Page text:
goto Appendx main menu Append[x]tomy : R. M. Colina
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To feel adequately prepared to evaluate Appendx, I spent some time reading, rereading, and considering the first issue. I was stuck on the editors' opening sentence in the Preface: "When three black men congregate, it is usually assumed that they are about to sing, dance, shoot hoops, or start trouble-preconceptions used to deny the slightest notion of our 'selves' and conveniently categorize our persistent and unresolved presences."  This and similar suppositions set the tone of the journal,and I was prepared to read revolutionary texts that I, as a reader, could accept or oppose. Through politically correct and incorrect language, the reader is presented with arguments surrounding dialectical oppositions: black/white, female/male, liberal/conservative. In this issue, most authors concerned themselves with the differences and not with the relationships between these dichotomies. Second, I was struck by the role that the "academy" played in the unfolding of the authors' arguments. At times, the "academy" was an authority that was questioned and condemned, and at other times the "academy" was embraced and the author(s) suggested that it was an institution to which they already belonged. Last, although the authors published in this issue held a variety of positions on the issue of marginalization, they all shared a need to identify themselves by their gender, their race, and in some instances, their religion. It is for this reason that I chose to use my surname and the initials of my given name, as it is my hope that neither my gender, religion, nor ethnic class become an issue in what follows.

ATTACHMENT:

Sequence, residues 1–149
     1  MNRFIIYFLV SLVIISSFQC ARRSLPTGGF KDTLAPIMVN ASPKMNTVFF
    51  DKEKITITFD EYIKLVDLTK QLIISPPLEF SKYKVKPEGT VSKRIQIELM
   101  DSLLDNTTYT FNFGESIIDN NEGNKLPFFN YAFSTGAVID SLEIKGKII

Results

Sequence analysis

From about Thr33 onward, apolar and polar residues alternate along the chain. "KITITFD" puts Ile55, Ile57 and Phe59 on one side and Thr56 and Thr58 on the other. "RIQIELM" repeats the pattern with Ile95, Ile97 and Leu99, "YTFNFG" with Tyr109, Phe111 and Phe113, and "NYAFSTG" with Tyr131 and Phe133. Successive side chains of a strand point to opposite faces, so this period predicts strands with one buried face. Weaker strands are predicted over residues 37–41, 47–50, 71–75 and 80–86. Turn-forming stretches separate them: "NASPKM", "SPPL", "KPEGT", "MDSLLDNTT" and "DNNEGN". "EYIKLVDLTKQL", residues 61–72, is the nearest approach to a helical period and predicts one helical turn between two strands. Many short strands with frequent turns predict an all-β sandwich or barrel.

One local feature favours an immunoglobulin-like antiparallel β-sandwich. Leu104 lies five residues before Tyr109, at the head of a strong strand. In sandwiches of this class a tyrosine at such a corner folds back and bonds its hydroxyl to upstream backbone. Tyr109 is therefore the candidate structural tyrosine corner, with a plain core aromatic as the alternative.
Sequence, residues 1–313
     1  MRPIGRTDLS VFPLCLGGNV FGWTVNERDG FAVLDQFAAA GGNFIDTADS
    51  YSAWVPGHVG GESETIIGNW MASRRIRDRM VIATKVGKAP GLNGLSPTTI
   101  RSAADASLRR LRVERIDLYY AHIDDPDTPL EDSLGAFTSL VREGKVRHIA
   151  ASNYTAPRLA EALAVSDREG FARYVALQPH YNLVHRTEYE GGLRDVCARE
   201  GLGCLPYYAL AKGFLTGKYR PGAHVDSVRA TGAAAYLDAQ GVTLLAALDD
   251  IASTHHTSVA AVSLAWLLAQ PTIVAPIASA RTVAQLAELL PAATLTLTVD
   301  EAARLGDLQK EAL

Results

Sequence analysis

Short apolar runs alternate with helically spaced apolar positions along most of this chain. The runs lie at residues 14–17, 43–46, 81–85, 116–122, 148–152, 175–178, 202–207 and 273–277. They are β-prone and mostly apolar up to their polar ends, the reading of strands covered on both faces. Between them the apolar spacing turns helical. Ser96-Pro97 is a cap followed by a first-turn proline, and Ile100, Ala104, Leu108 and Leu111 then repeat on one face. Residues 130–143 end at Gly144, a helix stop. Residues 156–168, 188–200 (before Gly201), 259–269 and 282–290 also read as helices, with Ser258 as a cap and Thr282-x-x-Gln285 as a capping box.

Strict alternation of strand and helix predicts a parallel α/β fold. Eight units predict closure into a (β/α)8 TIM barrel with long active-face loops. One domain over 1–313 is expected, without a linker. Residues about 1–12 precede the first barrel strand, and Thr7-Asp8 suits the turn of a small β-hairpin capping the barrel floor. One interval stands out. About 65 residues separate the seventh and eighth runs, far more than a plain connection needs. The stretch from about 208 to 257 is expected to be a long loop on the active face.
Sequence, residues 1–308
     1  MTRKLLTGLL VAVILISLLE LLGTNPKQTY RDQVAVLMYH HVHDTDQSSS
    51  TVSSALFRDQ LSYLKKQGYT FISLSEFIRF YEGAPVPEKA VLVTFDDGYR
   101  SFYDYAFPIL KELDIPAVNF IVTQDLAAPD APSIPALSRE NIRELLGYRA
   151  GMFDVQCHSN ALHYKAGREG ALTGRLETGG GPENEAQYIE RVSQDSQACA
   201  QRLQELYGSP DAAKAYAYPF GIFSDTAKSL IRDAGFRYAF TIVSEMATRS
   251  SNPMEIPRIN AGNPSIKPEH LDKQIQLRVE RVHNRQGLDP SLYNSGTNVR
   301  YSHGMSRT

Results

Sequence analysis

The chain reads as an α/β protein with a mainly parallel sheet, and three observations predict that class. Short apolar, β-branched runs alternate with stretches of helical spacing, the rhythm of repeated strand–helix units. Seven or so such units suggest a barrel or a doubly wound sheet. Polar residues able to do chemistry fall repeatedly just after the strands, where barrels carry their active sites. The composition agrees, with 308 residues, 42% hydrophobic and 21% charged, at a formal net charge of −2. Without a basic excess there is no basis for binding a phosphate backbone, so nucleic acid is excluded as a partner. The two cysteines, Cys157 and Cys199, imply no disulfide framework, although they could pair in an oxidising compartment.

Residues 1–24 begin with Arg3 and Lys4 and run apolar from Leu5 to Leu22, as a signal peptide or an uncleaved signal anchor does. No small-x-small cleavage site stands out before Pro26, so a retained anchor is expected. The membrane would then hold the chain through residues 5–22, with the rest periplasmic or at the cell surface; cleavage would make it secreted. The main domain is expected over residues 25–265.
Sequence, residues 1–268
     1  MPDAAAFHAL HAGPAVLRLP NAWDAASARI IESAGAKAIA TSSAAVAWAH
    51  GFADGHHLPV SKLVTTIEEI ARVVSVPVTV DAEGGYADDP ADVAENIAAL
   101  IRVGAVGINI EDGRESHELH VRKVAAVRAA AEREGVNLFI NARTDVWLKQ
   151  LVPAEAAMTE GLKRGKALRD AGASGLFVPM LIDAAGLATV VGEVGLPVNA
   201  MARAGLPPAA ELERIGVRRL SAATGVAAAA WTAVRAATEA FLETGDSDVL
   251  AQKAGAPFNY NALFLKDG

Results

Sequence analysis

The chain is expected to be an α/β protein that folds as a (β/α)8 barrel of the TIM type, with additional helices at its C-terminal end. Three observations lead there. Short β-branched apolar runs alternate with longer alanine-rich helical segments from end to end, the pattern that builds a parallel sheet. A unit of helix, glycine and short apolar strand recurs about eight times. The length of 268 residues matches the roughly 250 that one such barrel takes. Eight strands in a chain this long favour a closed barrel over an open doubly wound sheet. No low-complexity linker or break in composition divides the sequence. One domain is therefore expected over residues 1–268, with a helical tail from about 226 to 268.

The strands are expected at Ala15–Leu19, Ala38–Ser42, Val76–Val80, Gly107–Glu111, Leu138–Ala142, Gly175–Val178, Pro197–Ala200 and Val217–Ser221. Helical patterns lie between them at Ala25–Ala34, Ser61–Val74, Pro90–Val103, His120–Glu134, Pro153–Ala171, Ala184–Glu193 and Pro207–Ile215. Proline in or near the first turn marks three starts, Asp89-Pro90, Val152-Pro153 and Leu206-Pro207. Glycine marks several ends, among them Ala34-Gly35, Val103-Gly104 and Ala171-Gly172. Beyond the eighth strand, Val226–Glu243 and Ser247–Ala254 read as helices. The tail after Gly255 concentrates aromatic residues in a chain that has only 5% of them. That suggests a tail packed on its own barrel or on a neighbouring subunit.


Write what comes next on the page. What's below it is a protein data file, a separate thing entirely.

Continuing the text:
The editors of Appendx are in an interesting predicament. They are in a position to comment on, to cause trouble for, to raise questions about, and to propose "space" for multiple perspectives within architectural discourse, while simultaneously attempting to retain marketability, protect their own "identity," and serve as the voice for those perceived by the "academy" to be on the outside. At first this may seem like an impossible task, as it is implicit in the term "minority" that issues relating to marginalized groups hold a small market of interest within the "general population," and that the maiority of people, others, are either not interested or unaware of their importance. It is my observation that when people turn a deaf ear, it Appendx 2 page break 140 | 141is not because of lack of interest, but because of preconceptions that inhibit their ability to hear clearly or without prejudice. Yet these preconceptions exist everywhere and are perpetuated by both sides of any opposition. In response to the opening paragraph quoted above, I would ask the editors: Who do you believe usually assumes that when three black men congregate, they are about to sing, dance, shoot hoops, or start trouble? Are they blacks and/or nonblacks? Men and/or women? Sexists, bigots,racists--or everyone? The editors continue by writing that these preconceptions are used "to deny the slightest notion of our 'selves' and conveniently categorize our persistent and unresolved presences." What preconceptions do we have for people who observe black men congregating? How are they categorized?  I am not questioning that people exist who would make such assumptions about black men; I am simply cautioning against turning these important issues into dialectical oppositions by reversing those same preconceptions. 
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